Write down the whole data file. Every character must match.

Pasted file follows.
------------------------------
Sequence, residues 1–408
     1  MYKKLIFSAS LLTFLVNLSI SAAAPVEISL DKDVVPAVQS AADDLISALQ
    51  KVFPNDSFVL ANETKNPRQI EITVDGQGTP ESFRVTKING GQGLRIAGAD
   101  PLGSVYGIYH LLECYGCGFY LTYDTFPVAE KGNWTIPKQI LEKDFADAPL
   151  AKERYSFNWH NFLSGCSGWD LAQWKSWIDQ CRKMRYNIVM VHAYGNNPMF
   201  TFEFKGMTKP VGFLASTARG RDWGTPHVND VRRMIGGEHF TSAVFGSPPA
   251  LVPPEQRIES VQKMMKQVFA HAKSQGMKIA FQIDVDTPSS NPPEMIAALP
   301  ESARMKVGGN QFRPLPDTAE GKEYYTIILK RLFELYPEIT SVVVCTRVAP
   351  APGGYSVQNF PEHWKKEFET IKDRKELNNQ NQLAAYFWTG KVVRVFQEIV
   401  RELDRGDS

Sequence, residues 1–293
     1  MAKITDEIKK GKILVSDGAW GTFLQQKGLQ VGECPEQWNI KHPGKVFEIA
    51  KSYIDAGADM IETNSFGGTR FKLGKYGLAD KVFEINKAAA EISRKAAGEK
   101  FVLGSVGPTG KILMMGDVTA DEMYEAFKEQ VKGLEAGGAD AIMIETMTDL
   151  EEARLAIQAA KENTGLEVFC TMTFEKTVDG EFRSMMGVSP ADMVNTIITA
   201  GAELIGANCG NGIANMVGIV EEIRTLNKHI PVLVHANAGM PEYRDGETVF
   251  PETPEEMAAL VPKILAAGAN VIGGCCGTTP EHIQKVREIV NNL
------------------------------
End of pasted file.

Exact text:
Sequence, residues 1–408
     1  MYKKLIFSAS LLTFLVNLSI SAAAPVEISL DKDVVPAVQS AADDLISALQ
    51  KVFPNDSFVL ANETKNPRQI EITVDGQGTP ESFRVTKING GQGLRIAGAD
   101  PLGSVYGIYH LLECYGCGFY LTYDTFPVAE KGNWTIPKQI LEKDFADAPL
   151  AKERYSFNWH NFLSGCSGWD LAQWKSWIDQ CRKMRYNIVM VHAYGNNPMF
   201  TFEFKGMTKP VGFLASTARG RDWGTPHVND VRRMIGGEHF TSAVFGSPPA
   251  LVPPEQRIES VQKMMKQVFA HAKSQGMKIA FQIDVDTPSS NPPEMIAALP
   301  ESARMKVGGN QFRPLPDTAE GKEYYTIILK RLFELYPEIT SVVVCTRVAP
   351  APGGYSVQNF PEHWKKEFET IKDRKELNNQ NQLAAYFWTG KVVRVFQEIV
   401  RELDRGDS

Sequence, residues 1–293
     1  MAKITDEIKK GKILVSDGAW GTFLQQKGLQ VGECPEQWNI KHPGKVFEIA
    51  KSYIDAGADM IETNSFGGTR FKLGKYGLAD KVFEINKAAA EISRKAAGEK
   101  FVLGSVGPTG KILMMGDVTA DEMYEAFKEQ VKGLEAGGAD AIMIETMTDL
   151  EEARLAIQAA KENTGLEVFC TMTFEKTVDG EFRSMMGVSP ADMVNTIITA
   201  GAELIGANCG NGIANMVGIV EEIRTLNKHI PVLVHANAGM PEYRDGETVF
   251  PETPEEMAAL VPKILAAGAN VIGGCCGTTP EHIQKVREIV NNL